The train from Anchorage arrived at 9:00 p.m. January 27, 1925. Despite being cautioned by the Nenana Postal Inspector to wait until morning to start the run to Tovolo, Shannon insisted upon leaving immediately. “People are dying,” he said. His attitude was the attitude of every driver in the relay.
The trail normally used by the dog sleds had been churned up by horses in the days before, so Shannon turned his team to run on the frozen surface of the Tanana River. The air over the river was even colder, and the danger of water breaking through the ice was ever-present. As time wore on, Shannon had a harder time warming his feet and hands. He began losing his focus. Suddenly Blackie, his lead Malamute, swerved, taking the sled in a new direction. Shannon nearly lost his grip on the sled and looked around in surprise at Blackie’s move. He saw a black hole in the ice – an area of open water that the team had narrowly missed. Thanks to Blackie’s canine perceptions and quick thinking, disaster had been averted. It would not be the only time along this relay that the serum was nearly lost. But for the wit and courage of the lead dogs, the serum would never make it to Nome.
The temperature continued to drop through the Arctic night. Shannon felt his extremities freezing and knew he had to take steps to get the blood circulating in his body. So, he took steps. He got off the sled and literally ran alongside the team. This helped for only a short time, and soon Shannon realized he was in real danger of hypothermia. By the time he reached Minto, the halfway point between Nenana and Tolovana, the outside temperature was -62 degrees. Four dogs had bloody muzzles from breathing the icy air, and Shannon’s face was black with frostbite.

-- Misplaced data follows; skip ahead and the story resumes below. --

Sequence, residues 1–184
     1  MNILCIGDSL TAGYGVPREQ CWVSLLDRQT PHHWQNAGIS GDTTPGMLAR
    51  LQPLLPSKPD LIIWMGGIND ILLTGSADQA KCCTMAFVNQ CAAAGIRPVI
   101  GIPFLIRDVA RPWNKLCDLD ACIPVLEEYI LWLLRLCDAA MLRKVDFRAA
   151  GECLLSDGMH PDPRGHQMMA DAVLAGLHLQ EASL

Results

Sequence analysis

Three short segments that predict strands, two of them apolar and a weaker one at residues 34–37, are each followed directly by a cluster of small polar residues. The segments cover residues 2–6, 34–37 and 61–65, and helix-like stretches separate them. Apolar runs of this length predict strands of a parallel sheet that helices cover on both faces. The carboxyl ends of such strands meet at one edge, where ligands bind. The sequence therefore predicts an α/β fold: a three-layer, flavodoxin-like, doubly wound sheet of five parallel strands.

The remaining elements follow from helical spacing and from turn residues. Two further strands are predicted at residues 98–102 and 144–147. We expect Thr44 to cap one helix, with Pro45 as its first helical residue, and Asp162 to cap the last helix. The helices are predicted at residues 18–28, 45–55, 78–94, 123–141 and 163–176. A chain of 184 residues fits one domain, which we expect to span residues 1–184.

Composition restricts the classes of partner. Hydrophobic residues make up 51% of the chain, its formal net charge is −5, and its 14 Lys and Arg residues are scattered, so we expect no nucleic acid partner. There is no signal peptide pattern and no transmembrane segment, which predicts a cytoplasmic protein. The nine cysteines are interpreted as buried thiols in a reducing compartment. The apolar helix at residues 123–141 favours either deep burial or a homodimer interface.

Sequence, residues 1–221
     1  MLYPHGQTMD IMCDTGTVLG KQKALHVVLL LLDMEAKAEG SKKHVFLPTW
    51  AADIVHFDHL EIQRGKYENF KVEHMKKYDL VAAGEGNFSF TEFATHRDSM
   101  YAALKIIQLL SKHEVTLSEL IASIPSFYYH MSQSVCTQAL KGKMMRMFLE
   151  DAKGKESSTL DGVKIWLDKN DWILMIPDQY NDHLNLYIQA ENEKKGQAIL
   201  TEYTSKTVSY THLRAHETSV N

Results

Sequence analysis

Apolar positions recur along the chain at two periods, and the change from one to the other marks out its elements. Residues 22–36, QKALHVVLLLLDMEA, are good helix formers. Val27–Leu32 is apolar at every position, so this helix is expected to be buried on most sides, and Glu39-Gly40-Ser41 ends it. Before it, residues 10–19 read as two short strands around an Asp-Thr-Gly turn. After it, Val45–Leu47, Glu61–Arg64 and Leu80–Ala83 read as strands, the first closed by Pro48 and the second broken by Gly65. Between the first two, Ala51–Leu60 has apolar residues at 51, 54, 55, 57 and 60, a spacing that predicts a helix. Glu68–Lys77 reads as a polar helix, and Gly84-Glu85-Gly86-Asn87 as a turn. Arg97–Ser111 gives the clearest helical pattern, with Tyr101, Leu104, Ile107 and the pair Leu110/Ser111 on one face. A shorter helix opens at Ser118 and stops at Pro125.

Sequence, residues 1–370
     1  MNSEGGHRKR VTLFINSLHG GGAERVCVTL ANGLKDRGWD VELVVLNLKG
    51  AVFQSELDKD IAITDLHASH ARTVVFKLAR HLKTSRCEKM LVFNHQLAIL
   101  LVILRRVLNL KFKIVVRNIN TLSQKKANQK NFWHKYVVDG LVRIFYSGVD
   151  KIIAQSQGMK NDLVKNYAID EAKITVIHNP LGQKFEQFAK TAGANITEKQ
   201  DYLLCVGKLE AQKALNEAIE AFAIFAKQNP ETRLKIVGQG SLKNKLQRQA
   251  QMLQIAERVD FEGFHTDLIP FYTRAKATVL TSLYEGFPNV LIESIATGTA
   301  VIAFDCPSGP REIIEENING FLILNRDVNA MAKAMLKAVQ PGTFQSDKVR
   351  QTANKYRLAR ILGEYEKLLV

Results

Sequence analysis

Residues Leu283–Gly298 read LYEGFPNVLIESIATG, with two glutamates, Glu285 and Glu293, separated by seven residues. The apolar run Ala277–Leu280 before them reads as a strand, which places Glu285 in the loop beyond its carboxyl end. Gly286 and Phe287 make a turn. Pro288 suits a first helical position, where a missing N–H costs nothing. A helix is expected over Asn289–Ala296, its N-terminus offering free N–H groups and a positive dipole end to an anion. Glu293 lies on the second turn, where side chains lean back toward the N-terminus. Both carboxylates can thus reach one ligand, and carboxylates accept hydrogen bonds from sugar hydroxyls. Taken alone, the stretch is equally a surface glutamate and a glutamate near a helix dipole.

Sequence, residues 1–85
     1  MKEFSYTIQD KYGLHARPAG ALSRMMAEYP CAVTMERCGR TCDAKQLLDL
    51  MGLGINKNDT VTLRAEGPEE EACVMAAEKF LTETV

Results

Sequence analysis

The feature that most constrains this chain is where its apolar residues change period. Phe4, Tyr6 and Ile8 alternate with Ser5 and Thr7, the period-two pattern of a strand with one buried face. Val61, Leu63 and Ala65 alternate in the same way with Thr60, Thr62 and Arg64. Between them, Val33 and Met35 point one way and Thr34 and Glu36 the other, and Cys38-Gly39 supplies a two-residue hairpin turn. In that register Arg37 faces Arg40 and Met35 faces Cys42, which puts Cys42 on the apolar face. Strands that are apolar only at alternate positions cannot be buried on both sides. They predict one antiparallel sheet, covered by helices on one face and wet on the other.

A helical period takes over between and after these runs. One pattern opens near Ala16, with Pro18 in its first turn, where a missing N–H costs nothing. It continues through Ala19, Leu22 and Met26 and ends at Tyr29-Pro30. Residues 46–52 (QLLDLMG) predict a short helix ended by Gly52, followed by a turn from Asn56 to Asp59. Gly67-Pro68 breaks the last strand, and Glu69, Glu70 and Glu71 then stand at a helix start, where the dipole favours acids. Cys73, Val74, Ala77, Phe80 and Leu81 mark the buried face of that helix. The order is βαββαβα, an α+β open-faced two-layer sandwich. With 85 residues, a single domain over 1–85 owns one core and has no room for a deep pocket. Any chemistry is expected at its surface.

After four hours of warming himself by the stove in Minto, Shannon set out for the remaining 22 miles of the run to Tolovana. He had to leave three of his dogs behind because they were too weakened by pulmonary hemorrhaging caused by the cold to continue. A fourth dog looked questionable, but Shannon decided to take him. If necessary, that dog could be unhitched from the team and ride the rest of the way to Tolovana. Shannon made it to Tolovana by 11:00 a.m. on January 28. It was -56 degrees Farhenheit when he turned the precious cargo over to Edgar Kallands, the next driver in the relay.